Half of the REALTOR®-members who responded to survey have seen an increase in demand for accessible/single-floor homes WALTHAM, Mass.
– April 15, 2014 – The Massachusetts Association of REALTORS® (MAR) reported today that the March REALTOR® Market Confidence Index (RMCI) continued to be in positive territory, but was down for the fifth straight month compared to the same time last year. The REALTOR® Price Confidence Index (RPCI) stayed strong in March continuing its two-year trend. The results of the March “Hot Topic” question showed that half of REALTOR®-members who responded have seen an increase in demand for homes that are accessible or designed for the owners to age in place with single-floor living.
“The continued lack of inventory of homes for sale is pushing the Price Confidence Index and the Market Confidence Index in opposite directions,” said 2014 MAR President Peter Ruffini, regional vice president at Jack Conway & Co. “Sellers feel confident because of increasing prices, but their confidence diminishes when they transition into buyers faced with limited inventory to choose from.”
In March 2014, the REALTOR® Market Confidence Index was 69.50, which was down eight percent from the March 2013 score of 75.52. This is the fifth straight month that the RMCI has gone down. On a month-to-month basis, the March RMCI was up 11 percent from the 62.79 score in February 2014. This is the second straight month that the RMCI has gone up over the 60-point mark since October 2013. Measured on a 100-point scale, a score of 50 is the midpoint between a “strong” (100 points) and a “weak” (0 points) market condition.
The REALTOR® Price Confidence Index was 79.69 in March, up one percent from the March 2013 RPCI of 78.74. This is the 26th straight month of year-over-year increases and the 13th straight month over the 70-point mark. On a month-to-month basis, the RPCI was down one percent from the February 2014 RPCI of 80.81.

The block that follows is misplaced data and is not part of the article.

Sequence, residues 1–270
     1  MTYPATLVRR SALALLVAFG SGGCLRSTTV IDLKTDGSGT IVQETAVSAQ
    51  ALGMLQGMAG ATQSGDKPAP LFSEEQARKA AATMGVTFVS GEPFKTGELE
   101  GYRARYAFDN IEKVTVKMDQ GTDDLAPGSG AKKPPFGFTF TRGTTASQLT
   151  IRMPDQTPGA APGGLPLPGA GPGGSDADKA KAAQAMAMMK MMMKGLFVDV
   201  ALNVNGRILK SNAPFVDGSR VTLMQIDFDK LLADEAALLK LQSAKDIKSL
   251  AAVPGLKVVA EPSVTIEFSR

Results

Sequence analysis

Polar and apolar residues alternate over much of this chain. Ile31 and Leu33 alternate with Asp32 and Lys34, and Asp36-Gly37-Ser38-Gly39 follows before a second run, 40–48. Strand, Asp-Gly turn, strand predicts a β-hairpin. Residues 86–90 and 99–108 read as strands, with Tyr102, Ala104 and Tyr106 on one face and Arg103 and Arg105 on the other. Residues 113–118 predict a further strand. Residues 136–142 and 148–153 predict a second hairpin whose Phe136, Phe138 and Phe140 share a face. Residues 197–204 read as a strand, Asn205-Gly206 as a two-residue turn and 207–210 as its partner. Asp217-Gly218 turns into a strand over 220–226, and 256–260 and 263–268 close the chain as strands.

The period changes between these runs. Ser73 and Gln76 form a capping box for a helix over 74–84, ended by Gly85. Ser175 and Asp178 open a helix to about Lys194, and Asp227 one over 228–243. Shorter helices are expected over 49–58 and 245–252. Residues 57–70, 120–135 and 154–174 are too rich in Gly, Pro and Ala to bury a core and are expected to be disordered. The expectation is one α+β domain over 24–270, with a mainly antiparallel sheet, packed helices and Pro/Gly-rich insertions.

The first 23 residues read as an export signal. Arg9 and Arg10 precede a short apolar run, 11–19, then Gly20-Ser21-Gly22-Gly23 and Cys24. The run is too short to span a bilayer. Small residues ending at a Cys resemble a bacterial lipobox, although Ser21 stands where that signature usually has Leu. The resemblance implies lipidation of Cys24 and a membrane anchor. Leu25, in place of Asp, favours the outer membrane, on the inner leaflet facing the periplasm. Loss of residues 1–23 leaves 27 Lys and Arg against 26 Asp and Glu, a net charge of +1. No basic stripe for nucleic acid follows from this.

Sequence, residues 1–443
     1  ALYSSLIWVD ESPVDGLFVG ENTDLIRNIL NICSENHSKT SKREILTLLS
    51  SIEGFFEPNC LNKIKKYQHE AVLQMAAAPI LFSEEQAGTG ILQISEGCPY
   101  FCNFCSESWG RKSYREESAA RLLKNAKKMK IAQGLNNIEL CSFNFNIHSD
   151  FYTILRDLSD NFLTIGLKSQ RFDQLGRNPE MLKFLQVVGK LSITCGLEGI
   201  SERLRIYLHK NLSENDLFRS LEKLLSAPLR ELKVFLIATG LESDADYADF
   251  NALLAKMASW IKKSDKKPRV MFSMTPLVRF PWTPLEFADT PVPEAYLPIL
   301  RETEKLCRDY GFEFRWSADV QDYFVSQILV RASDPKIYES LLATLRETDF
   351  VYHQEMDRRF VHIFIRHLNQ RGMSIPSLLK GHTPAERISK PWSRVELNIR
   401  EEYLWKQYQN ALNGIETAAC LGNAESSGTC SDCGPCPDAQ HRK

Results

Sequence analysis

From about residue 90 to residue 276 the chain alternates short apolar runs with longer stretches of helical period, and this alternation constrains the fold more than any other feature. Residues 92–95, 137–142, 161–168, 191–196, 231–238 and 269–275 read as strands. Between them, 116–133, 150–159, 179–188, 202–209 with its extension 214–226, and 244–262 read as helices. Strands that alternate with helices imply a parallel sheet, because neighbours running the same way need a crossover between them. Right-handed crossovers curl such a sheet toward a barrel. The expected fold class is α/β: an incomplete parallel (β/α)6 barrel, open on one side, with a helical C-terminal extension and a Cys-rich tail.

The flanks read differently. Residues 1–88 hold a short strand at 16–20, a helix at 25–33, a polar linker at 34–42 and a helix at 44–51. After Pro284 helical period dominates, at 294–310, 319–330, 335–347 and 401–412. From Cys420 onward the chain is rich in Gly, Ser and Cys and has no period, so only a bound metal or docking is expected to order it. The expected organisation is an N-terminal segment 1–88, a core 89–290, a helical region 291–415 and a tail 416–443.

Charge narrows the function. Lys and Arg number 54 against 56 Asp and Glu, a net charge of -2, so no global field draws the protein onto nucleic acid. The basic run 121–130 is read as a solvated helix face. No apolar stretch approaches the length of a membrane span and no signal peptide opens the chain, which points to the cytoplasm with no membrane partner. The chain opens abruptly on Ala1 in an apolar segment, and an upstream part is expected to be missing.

The monthly “Hot Topic” question asked REALTOR®-members to qualify the level of client demand for homes that are either accessible and/or designed for aging in place (i.e. single-floor living). Of those members who responded to the survey, 50 percent have seen an increase (42.5%) or a significant increase (7.5%) in demand for these types of properties. Forty-seven percent of REALTORS® who responded reported they have seen no change in demand, while three percent have seen a decrease (1.9%) or a significant decrease (1.3%) in demand for this type of housing. About the REALTOR® Index Methodology:
The Massachusetts REALTOR® Market Confidence Index (RMCI) and Price Confidence Index (RPCI) are based on monthly responses from a random sampling of Massachusetts Association of REALTORS® members on the state of the housing market. More specifically, the survey asks members two basic questions pertaining to the real estate business in their market area in Massachusetts.
1. How would you describe the current housing market?
2. What are your expectations of home prices over the next year?
In addition to these standard questions, the survey each month includes one wildcard question that changes each month and is based on an industry hot topic.
The RMCI is calculated in the following way. Respondents indicate whether conditions are, or are expected to be “strong” (100 points), “moderate” (50 points), and “weak” (0 points). The results are the average score for each question. A score of 50 is the threshold between a “strong” and a “weak” condition. Similarly, the question about home prices over the next year (REALTOR® Price Confidence Index) is calculated using five categories: “Rise 0-5%” (75 points), “Rise 5%+” (100 points), “Level” (50 points), “Fall 0-5%” (25 points), and “Fall >5%” (0 points). About the Massachusetts Association of REALTORS®:
Organized in 1924, the Massachusetts Association of REALTORS® is a professional trade organization with more than 19,000+ members. The term REALTOR® is registered as the exclusive designation of members of the National Association of REALTORS® who subscribe to a strict code of ethics and enjoy continuing education programs.
Editors and reporters: Please note that the term Realtor is properly spelled with an initial capital “R”, per the Associated Press Stylebook.